3D objects that are loaded or added to the 3D canvas get their default material that was defined in the 3D modelling software. For the built-in object types this is just a white material without any texture. You may however override all loaded materials by editing the properties of each of the materials that appear in the project tree under the loaded object. If your object is correctly UV-mapped from your 3D modelling software you may assign images to use as a texture on the object. If your 3D object contains normal vectors for its faces you may also use the environment map option to add either a MatCap texture that contains the lighting and material properties as a spherical texture or you may use the environment texture as a reflection map on the object to make it appear more like metal.
Instead of using image files as material textures you may also use other compositions that you have created within the 2D editing mode. This makes it possible to transform any of the 2D objects you place in the 2D mode into the 3D world. If you for example want to display a text in 3D you can add a 2D text object to your layer and place it as a child to a Composition object. Change the composition's Blending mode to HiddenComposition and give it a name in the properties. Doing these two property changes to a composition object makes it available for selection as a 3D object material texture. To place the text in the 3D world you can now add a 3D plane object and change its material texture to reference the composition. This is done by clicking the ... button that appears when you give focus to the Texture property in a material. In the dialog that appears you can now click the Select Composition button and a menu appears where you can select your previously created composition.
When using compositions as material textures it is necessary to add a separate Composition object in the 2D mode to group together other 2D objects that you want to use as a texture on a 3D object. This is especially true when you for example want to place small texts on bigger 3D object surfaces. Then you may need to create a bigger Composition object to hold your small text object just to get the image dimensions right for your texture mapped object.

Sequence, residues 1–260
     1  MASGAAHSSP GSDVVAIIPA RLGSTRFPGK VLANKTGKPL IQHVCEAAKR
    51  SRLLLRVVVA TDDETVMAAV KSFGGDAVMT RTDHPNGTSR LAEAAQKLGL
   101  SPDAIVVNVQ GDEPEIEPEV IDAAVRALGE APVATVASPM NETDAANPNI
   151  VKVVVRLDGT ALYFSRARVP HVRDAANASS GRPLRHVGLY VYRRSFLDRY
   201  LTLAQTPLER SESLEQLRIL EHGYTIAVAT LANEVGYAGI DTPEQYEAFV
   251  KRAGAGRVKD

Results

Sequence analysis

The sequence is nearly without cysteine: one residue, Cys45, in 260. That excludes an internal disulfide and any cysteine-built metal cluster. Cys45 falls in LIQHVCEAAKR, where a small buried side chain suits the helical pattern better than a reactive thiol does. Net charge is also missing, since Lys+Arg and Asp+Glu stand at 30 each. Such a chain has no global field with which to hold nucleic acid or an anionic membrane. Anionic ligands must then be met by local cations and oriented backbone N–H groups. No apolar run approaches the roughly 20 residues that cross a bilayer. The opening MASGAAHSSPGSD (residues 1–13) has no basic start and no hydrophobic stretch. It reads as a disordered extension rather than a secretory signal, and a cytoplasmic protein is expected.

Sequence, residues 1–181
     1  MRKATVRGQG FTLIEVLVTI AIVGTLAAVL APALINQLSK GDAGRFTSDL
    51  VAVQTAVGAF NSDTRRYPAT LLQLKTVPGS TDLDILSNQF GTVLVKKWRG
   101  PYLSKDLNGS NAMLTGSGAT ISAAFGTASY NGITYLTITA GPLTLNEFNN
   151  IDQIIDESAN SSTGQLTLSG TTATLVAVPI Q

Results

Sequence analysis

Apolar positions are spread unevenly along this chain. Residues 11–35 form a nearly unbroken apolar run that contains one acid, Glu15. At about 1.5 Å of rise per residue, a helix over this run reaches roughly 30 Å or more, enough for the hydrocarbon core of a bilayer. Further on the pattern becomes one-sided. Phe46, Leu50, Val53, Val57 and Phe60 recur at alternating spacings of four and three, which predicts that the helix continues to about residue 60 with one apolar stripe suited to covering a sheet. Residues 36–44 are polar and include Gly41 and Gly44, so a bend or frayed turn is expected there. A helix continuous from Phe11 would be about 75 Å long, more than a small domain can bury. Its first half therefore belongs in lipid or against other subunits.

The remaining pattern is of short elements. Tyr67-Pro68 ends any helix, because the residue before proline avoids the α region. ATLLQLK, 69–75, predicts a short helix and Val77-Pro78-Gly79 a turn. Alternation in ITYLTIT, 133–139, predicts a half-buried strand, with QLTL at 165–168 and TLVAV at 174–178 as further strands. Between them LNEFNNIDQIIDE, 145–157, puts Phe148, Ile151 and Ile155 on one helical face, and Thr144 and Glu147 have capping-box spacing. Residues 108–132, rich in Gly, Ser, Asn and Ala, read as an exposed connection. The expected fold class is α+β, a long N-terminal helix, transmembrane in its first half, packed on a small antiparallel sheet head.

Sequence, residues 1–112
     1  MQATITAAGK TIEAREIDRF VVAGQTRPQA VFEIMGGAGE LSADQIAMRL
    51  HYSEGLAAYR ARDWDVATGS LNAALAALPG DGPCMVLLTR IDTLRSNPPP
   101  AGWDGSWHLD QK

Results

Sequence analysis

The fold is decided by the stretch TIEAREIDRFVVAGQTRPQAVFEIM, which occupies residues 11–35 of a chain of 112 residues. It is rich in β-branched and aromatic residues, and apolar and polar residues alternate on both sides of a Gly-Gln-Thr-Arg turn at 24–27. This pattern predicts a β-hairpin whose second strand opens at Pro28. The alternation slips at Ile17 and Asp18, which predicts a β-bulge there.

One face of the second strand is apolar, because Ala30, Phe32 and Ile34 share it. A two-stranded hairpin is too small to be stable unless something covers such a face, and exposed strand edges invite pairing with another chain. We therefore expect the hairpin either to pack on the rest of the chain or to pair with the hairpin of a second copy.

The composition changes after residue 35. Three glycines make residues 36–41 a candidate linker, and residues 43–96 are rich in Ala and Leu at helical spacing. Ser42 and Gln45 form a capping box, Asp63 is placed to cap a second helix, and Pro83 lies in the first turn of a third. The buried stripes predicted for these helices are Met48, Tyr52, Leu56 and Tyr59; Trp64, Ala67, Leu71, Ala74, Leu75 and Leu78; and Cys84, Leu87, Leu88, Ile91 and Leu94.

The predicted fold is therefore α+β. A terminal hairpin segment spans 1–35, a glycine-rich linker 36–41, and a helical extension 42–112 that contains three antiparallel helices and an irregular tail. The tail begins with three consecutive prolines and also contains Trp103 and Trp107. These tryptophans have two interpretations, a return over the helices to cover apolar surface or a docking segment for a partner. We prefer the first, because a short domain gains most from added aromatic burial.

Normal mapping is a technique that is used for faking the lighting of bumps and dents. It is used to add detail to 3D objects without adding more polygons. This is achieved by using a normal map texture that affect the light calculation of each pixel drawn on the screen. Normal maps can also be used to affect reflections from environment maps in Demorize.
A normal map is a special kind of texture that encodes the relative change of the surface normal vectors in the R, G and B channels of the image. Normal maps typically have a bluish look to them due to the encoding schema used, as seen in the below normal map example image.
When a normal map is assigned to a flat 3D surface and a light source is placed in the scene, the surface will look like it has bumped details. The same is true when an environment map is applied. These two scenarios are shown in the below figure where the top plane is just using the above normal map for its light calculations while the bottom plane has a reflection environment map applied to it.
Normal maps can be created in real-time by Demorize. This is done by using a Composition object and adding a filter named "Normal Map" to it. By doing so everything that is rendered in the composition will be transformed into a normal map using the filter settings to define how much bumpiness that shall be created in the normal map. By for example adding text objects to the composition you can create bumped text that can be used on 3D geometry like the examples above.